:25:29.:25:35.

out from the figures and also that lovely, articulate young man that

:25:35.:25:40.

you had on the programme. That is what they want, some clarity and

:25:40.:25:45.

some facts. They do not like the nonsense. They want to get an idea

:25:45.:25:53.

of what is happening. I was very encouraged by what Dr Jan Eichhorn

:25:53.:25:59.

was same, that the understand it cannot be signed, sealed and

:25:59.:26:07.

delivered, but they want to look at the different scenarios. They want

:26:07.:26:12.

to do with this on quite a higher level. More adult wars going on in

:26:12.:26:21.

the papers again today. This Sunday Herald has got quite a striking

:26:21.:26:29.

headline. It is an interesting report about the UK's dysfunctional

:26:29.:26:38.

economy. I would say, they are pro- independence without being pro SNP.

:26:38.:26:43.

Especially on the economic side of the argument. It is very

:26:43.:26:46.

interesting what Margaret Cuthbert has done here. She has laid out the

:26:46.:26:53.

economic details behind the rhetoric. Many of us who remember

:26:53.:26:58.

the debate in the 1970s and 1980s will be familiar with that, but we

:26:58.:27:04.

have not heard this question in the debate recently, this whole

:27:04.:27:10.

question of London's influence on the rest of the UK economy.

:27:10.:27:14.

response from Better Together, they did not pick up on the London point,

:27:14.:27:18.

they just said you could be excluding your biggest market.

:27:18.:27:22.

to me, the Better Together of response did not strike me as

:27:22.:27:27.

interesting about that report. It just seemed a bit thrown away at

:27:27.:27:33.

the end of it. I think it is great to hear those arguments. I would

:27:33.:27:37.

like these children who do the survey to read this kind of thing.

:27:37.:27:42.

That is what we are leading. Looking ahead to this week, we are

:27:42.:27:47.

going to discuss the Scottish Conservative conference next week.

:27:47.:27:54.

The Scots Tory leader slaps down Scots critics. She is having quite

:27:54.:27:58.

a tough ride in the press these last few days. The party does not

:27:58.:28:05.

seem to be behind her? No, not long after she became leader, she seemed

:28:05.:28:15.
:28:15.:28:22.

to have gained some unity, but the cracks appearing. -- or appearing.

:28:22.:28:29.

What is the issue with Ruth Davidson, is it her performance?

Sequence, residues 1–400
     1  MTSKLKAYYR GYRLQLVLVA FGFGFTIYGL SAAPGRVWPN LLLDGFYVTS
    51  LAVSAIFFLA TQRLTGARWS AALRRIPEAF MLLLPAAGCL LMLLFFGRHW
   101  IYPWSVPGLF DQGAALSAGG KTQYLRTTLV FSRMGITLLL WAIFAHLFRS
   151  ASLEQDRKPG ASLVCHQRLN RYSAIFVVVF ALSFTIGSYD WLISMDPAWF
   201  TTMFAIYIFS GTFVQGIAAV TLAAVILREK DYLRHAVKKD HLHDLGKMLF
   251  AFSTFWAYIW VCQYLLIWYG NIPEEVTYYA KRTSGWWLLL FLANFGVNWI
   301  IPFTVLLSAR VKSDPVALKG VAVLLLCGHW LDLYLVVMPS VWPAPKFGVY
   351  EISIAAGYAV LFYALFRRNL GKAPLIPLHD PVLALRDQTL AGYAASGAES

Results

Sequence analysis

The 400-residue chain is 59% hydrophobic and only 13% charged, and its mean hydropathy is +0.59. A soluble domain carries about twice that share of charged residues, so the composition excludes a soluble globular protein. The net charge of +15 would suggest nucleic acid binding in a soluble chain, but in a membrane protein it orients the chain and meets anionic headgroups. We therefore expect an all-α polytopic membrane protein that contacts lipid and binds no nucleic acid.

:28:29.:28:35.

Why is she not getting us support from her MSPs? If I knew that, I

:28:35.:28:44.

would move into political consulting. I do not know... It is

:28:44.:28:49.

a poisoned chalice. I do not think you can play that might just now.

:28:49.:28:53.

The party is so divided. It is being attacked on so many fronts. I

:28:53.:28:58.

do not think it knows what it wants as leader to do. In at this Sunday

:28:58.:29:08.
:29:08.:29:11.

Times, this is quite a scandal. We have been discussing it the right

:29:11.:29:17.

to recall. What did you make of that conversation we just have?

:29:17.:29:26.

Both are quite keen on it. Yes, politicians are quite keen on doing

:29:26.:29:31.

these things. But not keen on implementing them. It seems strange

:29:31.:29:38.

that we are going round in a circle you. We had the expenses scandal,

:29:39.:29:44.

and here we are, three years later, not a move has been made. The

:29:44.:29:48.

public are going to look at this very sceptically. Our you sceptical

:29:49.:29:53.

about it? I am not sure if it could work. We would have to be very

:29:53.:29:57.

careful it did not just become another annoying way for interest

:29:57.:30:04.

groups to give politicians are a hard time. I have mixed feelings

:30:04.:30:13.

about it. The chance of that happening just now or slight.

:30:13.:30:20.

are slight. It could be used maliciously? Yes, how do you

:30:20.:30:26.

legislate for that? It could only be used in deserving cases and not

:30:26.:30:33.

Andrew Neil and Andrew Kerr with the latest political news, interviews and debate, including the latest on the lobbying scandal with Cabinet Office minister Francis Maude and shadow defence secretary Jim Murphy. Plus Nadine Dorries MP on MPs' expenses.